OK with Fate, TOS: S3E6 “Spectre of the Gun”

Forging on with first contact despite an alien race’s unwillingness to participate is one area of debate for Starfleet officers, but perhaps the more interesting subject of this episode is the unique psychological punishment the trespassing Starfleet officers endured. Upon encountering an alien probe, Kirk and crew are greeted with a message addressed to everyone in their native language, owing to the telepathic nature of the aliens who made it. Kirk is not deterred in the slightest and barges straight onto the alien planet on a mission of peace and fuzzy boundaries. The aliens, making good on their original warning, sentence the Enterprise crew to an execution in the style of Kirk’s violent cowboy past.

This Star Trek themed western showed a more interesting aspect of the antagonist’s nature. The telepathic aliens, once made aware of human culture and human historical events through Kirk, orchestrated a scenario where the victims would be fully aware of their impending demise. The massacre at the OK Corral was senseless, violent, and historically well-known, making it a perfect form of punishment where the helpless victims move forward to a fate they know they can’t escape. Alternatively, the aliens could have put Kirk and crew on the Titanic, but then there would be absolutely nothing they could do to interact with the execution process. They might as well have been put in an electric chair. Having a scenario where the victims are given the illusion of choice, by forcing their participation, would add an extra psychological layer where the participants fight for their survival while convinced it is a no-win situation.

How far does the survival instinct persist when rational people must logically understand that their survival is impossible? Can the knowledge that a situation is impossible affect how far someone would go to fight for their survival? Fortunately, the crew didn’t have to reach that limit. The telepathic aliens broke their game the moment they let someone die who was known historically to have survived. It was at that point that Kirk and crew realized they were not doomed to play out an exact simulation of the OK Corral to the letter. This was likely the catalyst which revamped all hope and survival instincts for the crew, because there would have been no despairing over a hopeless situation. Was it sheer strength of the human will which kept the Enterprise crew going in the face of impossible odds, thereby challenging the concepts of fate, determination, destiny, and free choice? That would have been great, but instead Chekov just broke the simulation’s spell by accident when was shot too soon. Spock realized that Chekov’s ‘character’ was supposed to survive, and that’s when Kirk surmises that the events may not play out the way they did historically.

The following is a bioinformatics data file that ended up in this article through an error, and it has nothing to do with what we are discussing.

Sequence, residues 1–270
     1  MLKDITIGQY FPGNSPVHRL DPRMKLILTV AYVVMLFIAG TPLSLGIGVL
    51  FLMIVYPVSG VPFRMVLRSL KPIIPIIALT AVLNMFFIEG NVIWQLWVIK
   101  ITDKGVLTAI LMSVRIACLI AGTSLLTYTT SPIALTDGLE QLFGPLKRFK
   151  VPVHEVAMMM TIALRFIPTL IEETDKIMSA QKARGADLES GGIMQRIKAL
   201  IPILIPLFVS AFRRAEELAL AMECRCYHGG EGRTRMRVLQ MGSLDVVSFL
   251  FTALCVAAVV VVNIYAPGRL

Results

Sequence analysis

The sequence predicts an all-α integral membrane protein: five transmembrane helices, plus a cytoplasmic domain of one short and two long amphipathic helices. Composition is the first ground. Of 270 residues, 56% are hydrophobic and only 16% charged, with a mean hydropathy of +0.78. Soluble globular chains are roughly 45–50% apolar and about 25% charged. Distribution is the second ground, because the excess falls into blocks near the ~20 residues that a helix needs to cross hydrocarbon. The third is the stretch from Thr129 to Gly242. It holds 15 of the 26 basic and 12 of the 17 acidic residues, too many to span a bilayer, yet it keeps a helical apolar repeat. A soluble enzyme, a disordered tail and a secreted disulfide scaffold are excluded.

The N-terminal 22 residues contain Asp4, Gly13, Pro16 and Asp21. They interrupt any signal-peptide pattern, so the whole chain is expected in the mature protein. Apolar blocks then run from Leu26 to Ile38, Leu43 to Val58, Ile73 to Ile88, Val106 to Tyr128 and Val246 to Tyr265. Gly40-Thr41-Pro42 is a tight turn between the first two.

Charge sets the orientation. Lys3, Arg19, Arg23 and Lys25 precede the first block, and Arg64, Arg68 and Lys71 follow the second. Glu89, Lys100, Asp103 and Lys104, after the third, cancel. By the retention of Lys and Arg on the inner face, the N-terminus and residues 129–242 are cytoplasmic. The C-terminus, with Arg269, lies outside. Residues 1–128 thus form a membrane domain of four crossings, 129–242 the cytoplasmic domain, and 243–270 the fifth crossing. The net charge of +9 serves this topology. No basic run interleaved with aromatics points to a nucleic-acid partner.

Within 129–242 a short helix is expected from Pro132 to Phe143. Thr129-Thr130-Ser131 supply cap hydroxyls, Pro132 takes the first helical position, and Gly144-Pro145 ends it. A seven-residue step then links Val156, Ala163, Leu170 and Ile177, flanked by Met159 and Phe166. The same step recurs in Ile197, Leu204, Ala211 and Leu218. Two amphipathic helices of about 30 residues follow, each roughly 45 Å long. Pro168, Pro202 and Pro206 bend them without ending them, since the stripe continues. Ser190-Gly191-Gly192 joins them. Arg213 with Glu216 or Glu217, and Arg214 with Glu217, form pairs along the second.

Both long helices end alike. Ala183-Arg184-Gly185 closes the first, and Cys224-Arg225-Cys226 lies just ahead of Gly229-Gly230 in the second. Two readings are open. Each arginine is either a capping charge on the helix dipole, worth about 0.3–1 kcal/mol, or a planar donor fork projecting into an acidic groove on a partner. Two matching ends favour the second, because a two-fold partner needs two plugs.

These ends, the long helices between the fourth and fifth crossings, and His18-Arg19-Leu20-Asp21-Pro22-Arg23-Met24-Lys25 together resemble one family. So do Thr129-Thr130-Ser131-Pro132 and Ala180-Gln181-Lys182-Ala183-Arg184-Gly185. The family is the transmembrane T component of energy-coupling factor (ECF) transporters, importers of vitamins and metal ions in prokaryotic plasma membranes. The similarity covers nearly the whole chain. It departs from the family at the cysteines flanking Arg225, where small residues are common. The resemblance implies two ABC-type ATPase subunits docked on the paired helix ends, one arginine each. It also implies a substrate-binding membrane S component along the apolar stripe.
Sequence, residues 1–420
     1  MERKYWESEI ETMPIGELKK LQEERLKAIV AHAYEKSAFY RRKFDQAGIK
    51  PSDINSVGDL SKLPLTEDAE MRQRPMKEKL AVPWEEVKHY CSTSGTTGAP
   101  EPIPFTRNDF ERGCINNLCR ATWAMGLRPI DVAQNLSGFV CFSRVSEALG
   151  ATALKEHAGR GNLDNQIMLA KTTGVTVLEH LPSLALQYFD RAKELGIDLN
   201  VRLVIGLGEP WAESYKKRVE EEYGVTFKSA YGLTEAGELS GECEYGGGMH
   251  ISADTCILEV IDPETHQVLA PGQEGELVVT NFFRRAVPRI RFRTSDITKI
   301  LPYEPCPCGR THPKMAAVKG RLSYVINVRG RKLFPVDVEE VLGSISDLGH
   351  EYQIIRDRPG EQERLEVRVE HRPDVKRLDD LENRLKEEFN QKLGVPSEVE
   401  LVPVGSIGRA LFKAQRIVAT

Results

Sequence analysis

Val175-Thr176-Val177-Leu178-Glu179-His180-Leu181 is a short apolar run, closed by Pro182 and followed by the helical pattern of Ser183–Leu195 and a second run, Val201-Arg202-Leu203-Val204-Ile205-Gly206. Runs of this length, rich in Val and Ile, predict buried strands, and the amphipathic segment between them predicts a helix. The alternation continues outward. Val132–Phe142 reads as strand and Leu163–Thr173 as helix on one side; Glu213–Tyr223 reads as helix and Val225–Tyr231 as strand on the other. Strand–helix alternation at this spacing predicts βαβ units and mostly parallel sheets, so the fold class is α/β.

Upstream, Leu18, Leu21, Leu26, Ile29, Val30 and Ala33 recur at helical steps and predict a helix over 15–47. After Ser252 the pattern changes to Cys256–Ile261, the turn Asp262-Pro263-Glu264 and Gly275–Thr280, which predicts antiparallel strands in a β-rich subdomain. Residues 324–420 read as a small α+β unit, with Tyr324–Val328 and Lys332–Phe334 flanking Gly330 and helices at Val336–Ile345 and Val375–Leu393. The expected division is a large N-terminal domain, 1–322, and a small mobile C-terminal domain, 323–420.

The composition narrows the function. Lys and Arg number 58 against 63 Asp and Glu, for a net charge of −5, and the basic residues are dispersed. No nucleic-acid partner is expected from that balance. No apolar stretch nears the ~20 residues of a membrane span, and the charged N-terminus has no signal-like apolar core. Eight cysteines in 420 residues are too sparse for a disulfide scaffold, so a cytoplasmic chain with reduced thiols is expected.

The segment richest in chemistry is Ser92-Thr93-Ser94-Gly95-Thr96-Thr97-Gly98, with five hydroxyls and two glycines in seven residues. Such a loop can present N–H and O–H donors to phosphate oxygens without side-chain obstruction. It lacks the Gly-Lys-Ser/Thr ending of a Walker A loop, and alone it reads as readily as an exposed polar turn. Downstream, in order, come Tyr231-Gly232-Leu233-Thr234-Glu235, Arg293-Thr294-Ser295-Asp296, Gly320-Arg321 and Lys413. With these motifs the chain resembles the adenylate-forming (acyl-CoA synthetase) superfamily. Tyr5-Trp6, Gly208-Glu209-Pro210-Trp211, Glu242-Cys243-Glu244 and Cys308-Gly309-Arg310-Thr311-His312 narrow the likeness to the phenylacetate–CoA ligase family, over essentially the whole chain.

It’s interesting that the telepaths had let this happen, since it loosened their psychological grip on the crew. If they hadn’t gone ‘off script’ so to speak, it is possible that the crew would have gone into the arena assuming they were destined to die and therefore feel relegated to their fate. One break in the assumptions that the crew had about the simulation allowed them to smash the whole thing. However, Chekov’s death introduced a new layer into the psychological game. The Enterprise crew is understandably upset about their loss, and Kirk’s righteous anger, and his desire to avenge his deceased crewman now, make him a willing participant in the climactic battle. The depth of these psychological mind games is complex. It is possible that the aliens intended to kill Chekov so that Kirk would feel the righteous anger and revenge that would lead the Captain to his death. He was both trapped in a simulation and welcoming it. The cold and logical Spock saw through much of the alien manipulation, and took it a step further. Spock surmised that all of the simulation was an illusion, all the way down to the bullets being shot at them. Chekov only thought that he died in the simulation because he assumed the bullets were real. Just like how the probe was able to reach every person in their own language, the entire simulation was reaching the deadly assumptions in each person’s mind. When the Enterprise crew realized that the were essentially in the Matrix, they became bulletproof. It was, in a certain sense, a triumph of free will over determinism.

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